In addition to his vaccine research, Dr. Frieman has partnered with Regeneron Pharmaceuticals Inc. to search for a treatment for MERS. The researchers genetically modified mice so that their cells would display the human version of a receptor protein—known as DPP4—to which the MERS virus attaches during an infection. This allowed them to mirror the human immune response to the virus. The team then examined more than 1,000 antibodies from the immune systems of the mice and tested the ability of those antibodies to prevent the MERS virus from latching on to human cells (via the DPP4 receptor). Left with 30 promising antibodies, the team needed to find two different antibodies that would not compete against each other and could be paired together, thereby producing a treatment that would be more effective against the mutability of the virus because it contained two different antibodies. The team identified two such antibodies that could work together, known as REGN3051 and REGN3048.

Dr. Frieman is also exploring the possibility of using drugs which are approved for other conditions to treat MERS. With NIAID funding, Frieman tested 290 different compounds, 27 of which were active against MERS-CoV in test tubes. The team will next examine the efficacy of these compounds in combatting MERS-CoV in mice. Several of these compounds are the basis of treatments for cancer or psychiatric conditions; similarly, Zoloft and Vascor—drugs for depression and angina, respectively—have been shown to be effective in combatting Ebola in mice.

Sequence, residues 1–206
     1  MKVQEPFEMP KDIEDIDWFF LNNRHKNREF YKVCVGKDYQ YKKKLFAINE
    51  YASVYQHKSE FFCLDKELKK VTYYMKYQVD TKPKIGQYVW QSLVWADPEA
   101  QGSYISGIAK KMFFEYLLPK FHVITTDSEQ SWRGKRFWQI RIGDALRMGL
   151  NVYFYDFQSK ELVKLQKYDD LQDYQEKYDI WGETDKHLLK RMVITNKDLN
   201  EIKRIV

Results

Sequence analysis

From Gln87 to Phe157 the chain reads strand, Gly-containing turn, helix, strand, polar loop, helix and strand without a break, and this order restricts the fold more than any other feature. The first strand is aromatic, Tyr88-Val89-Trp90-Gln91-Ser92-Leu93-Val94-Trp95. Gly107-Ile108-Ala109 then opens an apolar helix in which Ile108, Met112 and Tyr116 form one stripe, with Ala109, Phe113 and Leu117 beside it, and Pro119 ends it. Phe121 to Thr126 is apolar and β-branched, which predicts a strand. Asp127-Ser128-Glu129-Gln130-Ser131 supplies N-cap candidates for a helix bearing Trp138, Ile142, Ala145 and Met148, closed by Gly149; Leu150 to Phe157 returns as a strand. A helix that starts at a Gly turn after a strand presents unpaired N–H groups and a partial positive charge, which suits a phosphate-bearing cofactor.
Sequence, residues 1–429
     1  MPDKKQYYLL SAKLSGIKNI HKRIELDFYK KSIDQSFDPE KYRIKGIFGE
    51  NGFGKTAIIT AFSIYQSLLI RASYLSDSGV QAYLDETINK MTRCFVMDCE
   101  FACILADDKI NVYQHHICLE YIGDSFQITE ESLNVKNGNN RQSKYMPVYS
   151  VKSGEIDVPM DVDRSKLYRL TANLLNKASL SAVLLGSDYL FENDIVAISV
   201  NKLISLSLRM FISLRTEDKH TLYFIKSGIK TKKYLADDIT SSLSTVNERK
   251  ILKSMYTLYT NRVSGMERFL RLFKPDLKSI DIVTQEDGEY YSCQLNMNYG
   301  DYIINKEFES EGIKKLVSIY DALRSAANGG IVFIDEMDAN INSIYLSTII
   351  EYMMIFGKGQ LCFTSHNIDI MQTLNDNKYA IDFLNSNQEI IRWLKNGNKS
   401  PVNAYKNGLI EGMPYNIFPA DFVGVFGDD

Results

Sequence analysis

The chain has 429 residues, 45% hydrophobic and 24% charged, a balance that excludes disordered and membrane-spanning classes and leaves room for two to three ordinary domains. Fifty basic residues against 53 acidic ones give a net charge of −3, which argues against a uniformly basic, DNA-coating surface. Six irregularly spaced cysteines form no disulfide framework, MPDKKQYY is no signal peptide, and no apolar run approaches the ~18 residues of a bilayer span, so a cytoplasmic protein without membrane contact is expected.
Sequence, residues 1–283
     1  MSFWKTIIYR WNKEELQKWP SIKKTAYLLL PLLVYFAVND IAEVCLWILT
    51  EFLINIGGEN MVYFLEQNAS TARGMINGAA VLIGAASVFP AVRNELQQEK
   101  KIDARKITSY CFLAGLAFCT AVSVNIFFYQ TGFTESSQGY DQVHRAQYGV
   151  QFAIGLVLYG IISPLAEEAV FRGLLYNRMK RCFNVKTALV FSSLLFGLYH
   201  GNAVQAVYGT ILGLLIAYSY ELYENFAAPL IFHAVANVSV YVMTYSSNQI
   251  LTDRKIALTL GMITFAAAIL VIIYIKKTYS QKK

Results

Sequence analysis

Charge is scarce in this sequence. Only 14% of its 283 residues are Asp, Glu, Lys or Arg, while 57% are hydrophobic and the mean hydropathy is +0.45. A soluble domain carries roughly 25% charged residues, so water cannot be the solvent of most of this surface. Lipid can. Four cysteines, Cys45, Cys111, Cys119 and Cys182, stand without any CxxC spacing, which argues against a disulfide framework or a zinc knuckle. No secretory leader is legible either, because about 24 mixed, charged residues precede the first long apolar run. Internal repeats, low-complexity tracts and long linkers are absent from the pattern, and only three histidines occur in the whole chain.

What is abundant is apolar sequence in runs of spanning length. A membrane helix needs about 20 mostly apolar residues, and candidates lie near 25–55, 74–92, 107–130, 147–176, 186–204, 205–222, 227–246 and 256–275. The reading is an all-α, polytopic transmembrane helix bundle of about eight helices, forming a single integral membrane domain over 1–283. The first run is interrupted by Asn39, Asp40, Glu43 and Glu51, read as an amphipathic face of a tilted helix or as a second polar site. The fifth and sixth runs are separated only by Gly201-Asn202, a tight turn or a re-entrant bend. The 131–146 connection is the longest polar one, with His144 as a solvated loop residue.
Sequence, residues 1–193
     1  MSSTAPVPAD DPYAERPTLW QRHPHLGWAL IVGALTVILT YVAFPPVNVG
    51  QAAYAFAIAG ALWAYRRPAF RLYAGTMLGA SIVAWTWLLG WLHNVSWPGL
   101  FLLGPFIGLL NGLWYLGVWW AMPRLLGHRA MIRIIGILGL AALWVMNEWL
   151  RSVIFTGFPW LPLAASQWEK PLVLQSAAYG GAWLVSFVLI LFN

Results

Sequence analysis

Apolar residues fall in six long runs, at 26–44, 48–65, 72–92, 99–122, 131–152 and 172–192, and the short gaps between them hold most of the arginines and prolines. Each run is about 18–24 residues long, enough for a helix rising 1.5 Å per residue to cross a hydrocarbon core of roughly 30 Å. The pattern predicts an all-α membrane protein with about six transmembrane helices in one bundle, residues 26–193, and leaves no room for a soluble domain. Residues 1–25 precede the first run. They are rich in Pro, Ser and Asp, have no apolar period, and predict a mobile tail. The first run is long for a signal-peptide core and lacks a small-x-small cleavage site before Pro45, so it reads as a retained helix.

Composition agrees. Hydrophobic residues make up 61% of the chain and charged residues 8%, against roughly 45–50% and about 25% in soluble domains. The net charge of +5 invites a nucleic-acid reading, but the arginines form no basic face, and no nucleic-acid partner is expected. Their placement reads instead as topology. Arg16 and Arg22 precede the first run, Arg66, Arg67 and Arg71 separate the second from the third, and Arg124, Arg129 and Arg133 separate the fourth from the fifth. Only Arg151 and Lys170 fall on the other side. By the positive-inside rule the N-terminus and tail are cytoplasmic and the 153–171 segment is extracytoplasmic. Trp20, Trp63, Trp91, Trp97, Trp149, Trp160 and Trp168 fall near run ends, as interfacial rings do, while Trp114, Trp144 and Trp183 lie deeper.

Scientists at Purdue University have discovered a certain enzyme that plays a key role in the replication of the MERS virus, calling it the “Achilles’ heel of the virus.” They have since identified molecules that can stop the enzyme, making it much harder for the virus to replicate. However, that same molecule actually helped the virus spread at low doses, so determining the perfect amount of the molecule to administer will be a major barrier to translating their findings into a safe and effective treatment.

Other treatments are in development as well. Shanghai Kaibo Pharmaceutical plans to unveil an injectable treatment for MERS, however no information on the product has been released. Researchers at Fudan University in Shanghai, China have partnered with the NIH to develop an antibody against MERS known as m336 that they believe is even more promising than other antibodies against the virus.

As with vaccine candidates, the search for drugs and treatments against MERS is far from over. Not only do vaccines, medicines, and other tools need to be tested in clinical trials, but they need to be manufactured and distributed in adequate quantities to ensure a rapid response to an outbreak. Since its discovery in 2012, MERS has been widely considered a contender for the next major outbreak, or even pandemic. Researchers and public health advocates alike are wondering: will we learn from the Ebola outbreak and invest in R&D to create the tools needed to respond to a MERS pandemic, or will we wait until it’s too late?

Categories: Vaccines

About the author

Kat KelleyGHTC

Kat Kelly is a senior program assistant at GHTC who supports GHTC's communications and member engagement activities.